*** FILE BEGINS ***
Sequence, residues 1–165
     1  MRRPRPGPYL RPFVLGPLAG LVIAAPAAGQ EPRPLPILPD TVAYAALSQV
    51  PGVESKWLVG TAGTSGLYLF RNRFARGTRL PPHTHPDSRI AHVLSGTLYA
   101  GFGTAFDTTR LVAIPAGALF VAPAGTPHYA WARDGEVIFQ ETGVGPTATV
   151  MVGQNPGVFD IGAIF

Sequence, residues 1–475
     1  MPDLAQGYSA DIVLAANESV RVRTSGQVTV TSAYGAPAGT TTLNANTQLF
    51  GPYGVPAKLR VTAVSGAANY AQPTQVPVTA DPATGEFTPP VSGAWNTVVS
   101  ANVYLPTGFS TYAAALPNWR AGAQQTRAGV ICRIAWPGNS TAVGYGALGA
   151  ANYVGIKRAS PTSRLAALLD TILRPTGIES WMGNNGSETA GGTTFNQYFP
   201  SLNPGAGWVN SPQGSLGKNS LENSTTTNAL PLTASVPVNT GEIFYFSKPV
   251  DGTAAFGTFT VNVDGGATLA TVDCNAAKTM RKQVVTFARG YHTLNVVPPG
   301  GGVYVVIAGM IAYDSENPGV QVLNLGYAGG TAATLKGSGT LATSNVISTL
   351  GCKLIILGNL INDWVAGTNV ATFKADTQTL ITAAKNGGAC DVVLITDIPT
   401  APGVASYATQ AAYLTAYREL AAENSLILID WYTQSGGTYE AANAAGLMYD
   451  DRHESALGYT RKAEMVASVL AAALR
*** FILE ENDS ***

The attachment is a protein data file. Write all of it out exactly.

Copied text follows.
Sequence, residues 1–165
     1  MRRPRPGPYL RPFVLGPLAG LVIAAPAAGQ EPRPLPILPD TVAYAALSQV
    51  PGVESKWLVG TAGTSGLYLF RNRFARGTRL PPHTHPDSRI AHVLSGTLYA
   101  GFGTAFDTTR LVAIPAGALF VAPAGTPHYA WARDGEVIFQ ETGVGPTATV
   151  MVGQNPGVFD IGAIF

Sequence, residues 1–475
     1  MPDLAQGYSA DIVLAANESV RVRTSGQVTV TSAYGAPAGT TTLNANTQLF
    51  GPYGVPAKLR VTAVSGAANY AQPTQVPVTA DPATGEFTPP VSGAWNTVVS
   101  ANVYLPTGFS TYAAALPNWR AGAQQTRAGV ICRIAWPGNS TAVGYGALGA
   151  ANYVGIKRAS PTSRLAALLD TILRPTGIES WMGNNGSETA GGTTFNQYFP
   201  SLNPGAGWVN SPQGSLGKNS LENSTTTNAL PLTASVPVNT GEIFYFSKPV
   251  DGTAAFGTFT VNVDGGATLA TVDCNAAKTM RKQVVTFARG YHTLNVVPPG
   301  GGVYVVIAGM IAYDSENPGV QVLNLGYAGG TAATLKGSGT LATSNVISTL
   351  GCKLIILGNL INDWVAGTNV ATFKADTQTL ITAAKNGGAC DVVLITDIPT
   401  APGVASYATQ AAYLTAYREL AAENSLILID WYTQSGGTYE AANAAGLMYD
   451  DRHESALGYT RKAEMVASVL AAALR